About Cerebral Palsy
What is Cerebral Palsy?
Cerebral Palsy is a physical disability that affects movement and posture. It is an umbrella term that refers to a group of disorders affecting a person’s ability to move. It is a permanent life-long condition but generally does not worsen over time. It is due to damage to the developing brain either during pregnancy or shortly after birth. Cerebral palsy affects people in different ways and can affect body movement, muscle control, muscle coordination, muscle tone, reflex, posture, and balance. Although cerebral palsy is a permanent life-long condition, some of these signs of cerebral palsy can improve or worsen over time. People who have cerebral palsy may also sometimes have visual, learning, hearing, speech, epilepsy and intellectual impairments.
Cerebral Palsy (CP) is the most common cause of physical disability in for children in New Zealand. There is no known cure and the rates of Cerebral Palsy have remained unchanged despite recent advances in medicine. Most Cerebral Palsy occurs as a result of factors prior to birth, however little is known about these factors and for 80% of people with Cerebral Palsy, the cause is unknown.
Cerebral Palsy is:
- A one-time event brain damage
- Does not continue
- Complex, with varying effects
- Difficult to classify
- NOT infectious
- NOT a disease it is a disorder
Please click here to read/download an information sheet about Cerebral Palsy that you can share with friends and family.
New Zealand Statistics
- Every 3 days a baby is born in NZ with Cerebral Palsy
- There are over 10,000 people living with Cerebral Palsy in NZ but no current data to support the actual number
- We do have the Cerebral Palsy register which will in time become a comprehensive Source of NZ data.
Risk Factors & Preventions
The most common recognised risk factors are:
- A damaged placenta which may interfere with foetal growth
- Infections including dental infections, seizure disorder or other medical problems in the mother (e.g. Maternal thyroid disorder)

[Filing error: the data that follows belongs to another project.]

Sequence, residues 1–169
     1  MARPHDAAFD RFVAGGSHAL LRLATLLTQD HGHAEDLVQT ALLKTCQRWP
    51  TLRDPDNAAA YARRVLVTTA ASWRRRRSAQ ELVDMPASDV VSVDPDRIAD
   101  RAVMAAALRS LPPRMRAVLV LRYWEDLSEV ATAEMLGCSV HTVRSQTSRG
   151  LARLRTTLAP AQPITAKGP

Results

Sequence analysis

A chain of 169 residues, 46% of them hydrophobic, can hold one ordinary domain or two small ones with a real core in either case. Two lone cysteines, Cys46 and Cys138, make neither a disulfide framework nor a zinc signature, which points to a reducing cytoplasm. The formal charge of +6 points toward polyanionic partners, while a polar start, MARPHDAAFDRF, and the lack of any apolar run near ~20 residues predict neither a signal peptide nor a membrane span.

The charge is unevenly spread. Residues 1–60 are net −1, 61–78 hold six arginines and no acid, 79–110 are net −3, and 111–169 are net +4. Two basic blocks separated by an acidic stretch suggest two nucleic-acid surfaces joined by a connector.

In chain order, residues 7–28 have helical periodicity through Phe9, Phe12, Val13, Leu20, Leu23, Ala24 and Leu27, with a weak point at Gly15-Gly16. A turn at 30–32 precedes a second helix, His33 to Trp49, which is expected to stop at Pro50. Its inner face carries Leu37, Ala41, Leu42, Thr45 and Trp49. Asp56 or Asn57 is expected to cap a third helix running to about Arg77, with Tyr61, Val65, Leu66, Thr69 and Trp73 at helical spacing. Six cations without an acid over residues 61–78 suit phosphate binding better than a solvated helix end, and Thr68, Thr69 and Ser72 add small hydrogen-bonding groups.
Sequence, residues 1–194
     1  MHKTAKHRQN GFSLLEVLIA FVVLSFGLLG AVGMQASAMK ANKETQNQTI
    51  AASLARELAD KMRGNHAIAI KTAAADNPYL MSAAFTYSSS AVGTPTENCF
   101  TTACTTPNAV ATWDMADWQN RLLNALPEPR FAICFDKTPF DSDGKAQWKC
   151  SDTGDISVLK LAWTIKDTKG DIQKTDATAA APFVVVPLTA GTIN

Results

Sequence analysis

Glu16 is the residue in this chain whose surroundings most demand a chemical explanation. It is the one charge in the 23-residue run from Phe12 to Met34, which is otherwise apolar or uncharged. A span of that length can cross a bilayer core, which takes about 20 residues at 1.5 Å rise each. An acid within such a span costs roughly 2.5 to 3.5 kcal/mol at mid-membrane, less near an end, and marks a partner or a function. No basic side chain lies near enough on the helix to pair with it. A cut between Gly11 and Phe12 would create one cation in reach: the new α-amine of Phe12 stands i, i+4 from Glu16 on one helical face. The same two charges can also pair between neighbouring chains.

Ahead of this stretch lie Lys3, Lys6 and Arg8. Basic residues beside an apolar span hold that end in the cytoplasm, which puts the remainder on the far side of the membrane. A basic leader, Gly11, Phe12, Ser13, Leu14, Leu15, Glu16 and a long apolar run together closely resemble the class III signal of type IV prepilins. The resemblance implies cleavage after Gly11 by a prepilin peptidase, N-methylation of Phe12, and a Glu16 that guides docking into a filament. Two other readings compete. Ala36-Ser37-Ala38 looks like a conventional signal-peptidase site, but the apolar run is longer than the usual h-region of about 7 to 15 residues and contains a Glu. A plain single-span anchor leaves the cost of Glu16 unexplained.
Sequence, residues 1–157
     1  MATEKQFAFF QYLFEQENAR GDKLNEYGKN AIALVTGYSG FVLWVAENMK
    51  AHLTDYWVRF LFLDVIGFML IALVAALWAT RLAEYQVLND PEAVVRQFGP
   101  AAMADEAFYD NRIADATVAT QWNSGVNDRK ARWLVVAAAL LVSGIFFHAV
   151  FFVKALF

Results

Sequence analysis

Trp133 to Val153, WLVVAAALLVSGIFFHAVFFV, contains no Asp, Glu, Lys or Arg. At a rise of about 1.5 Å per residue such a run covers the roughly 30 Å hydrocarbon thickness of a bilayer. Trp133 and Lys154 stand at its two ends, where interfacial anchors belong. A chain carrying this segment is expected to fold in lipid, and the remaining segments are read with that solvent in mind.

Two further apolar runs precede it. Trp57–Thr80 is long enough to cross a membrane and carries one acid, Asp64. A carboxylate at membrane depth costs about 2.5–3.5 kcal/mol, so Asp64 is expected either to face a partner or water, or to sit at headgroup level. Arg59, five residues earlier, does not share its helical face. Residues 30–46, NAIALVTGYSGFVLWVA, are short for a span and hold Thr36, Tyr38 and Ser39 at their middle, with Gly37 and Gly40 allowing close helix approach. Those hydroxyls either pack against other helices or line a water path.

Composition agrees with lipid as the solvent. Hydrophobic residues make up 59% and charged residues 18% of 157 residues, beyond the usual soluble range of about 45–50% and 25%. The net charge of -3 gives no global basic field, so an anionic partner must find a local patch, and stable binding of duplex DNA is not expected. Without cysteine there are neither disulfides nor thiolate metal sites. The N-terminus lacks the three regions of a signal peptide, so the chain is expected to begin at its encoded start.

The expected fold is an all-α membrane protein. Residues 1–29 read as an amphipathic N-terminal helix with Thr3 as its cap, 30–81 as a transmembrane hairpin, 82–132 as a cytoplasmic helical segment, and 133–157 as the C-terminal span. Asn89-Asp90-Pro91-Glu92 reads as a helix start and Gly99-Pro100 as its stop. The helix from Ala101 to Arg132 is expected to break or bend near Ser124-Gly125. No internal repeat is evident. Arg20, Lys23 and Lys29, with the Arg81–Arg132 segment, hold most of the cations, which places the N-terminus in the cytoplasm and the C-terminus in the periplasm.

- Virus (e.g. Rubella aka German measles).
- Poor nutrition
- Maternal diabetes, hyperthyroidism or high blood pressure
- Malformations of the developing brain
- Toxicity (drug or alcohol use during pregnancy)
- Premature delivery, multiple births
- Lack of oxygen (hypoxia)
- Infection such as meningitis, encephalitis, herpes simplex
- Head injury
- Bleeding in the brain
Comprehensive prenatal care can help to reduce the risk of some prenatal causes of cerebral palsy. Furthermore, over the last 60 years, dramatic improvements in obstetrical care at delivery, have helped to reduce the incidence of cerebral palsy. In most cases, the injury causing the disorder may not be preventable. Issues in the birthing process or subsequent events account for less than 10% of cases of cerebral palsy, the rest occur in utero.
More on Cerebral Palsy
Children can have problems such as weakness, stiffness, awkwardness, slowness, shakiness and difficulty with balance. In mild cerebral palsy, the child may be slightly affected in one arm or leg, and the problem may be barely noticeable.
In severe cerebral palsy, the child may have a lot of difficulties, with the whole body affected. It must be emphasised that damage to the brain is a one-time event and does not continue. Damaged brain cells cannot be repaired but undamaged brain cells will continue to develop and mature.
The complexity of cerebral palsy and its effects vary from one person to another. It is often difficult to classify precisely which type of cerebral palsy a child has.
The physical effects of cerebral palsy range from very mild to severe. What is often overlooked are the effects that it can have on the family. Grief, anxiety, resentment and anger are often experienced when a child is diagnosed as having cerebral palsy. Each family is unique in its interrelationships, its coping mechanisms and its ability to encourage the cerebral palsy child to achieve full potential.
An understanding of the different types of cerebral palsy makes it easier to appreciate the childs development and how the child learns to move. Cerebral palsy is a complex condition. It is hard to understand all the aspects of it. As new research is published our perception of cerebral palsy changes all the time.
It is not easy to answer epidemiological questions with any great degree of precision. As with chronic disorders not invariably fatal, the difficulties in obtaining accurate information on the frequency of cerebral palsy in the population are substantial. Although surveys have been performed over the decades in Australasia, North America and Europe the differences in methods make comparisons across studies and over time hazardous.
Problems of research with children include:
- The methodological requirements which include cerebral palsy diagnosis and the assessment of motor problems
- The variations in data such as numbers, duration and frequency of therapy, the setting, the exact nature of intervention.
- The independent variables such as age, I.Q., type of cerebral palsy, degree of impairment, parental participation, emotional disturbances, motivation, types of therapy.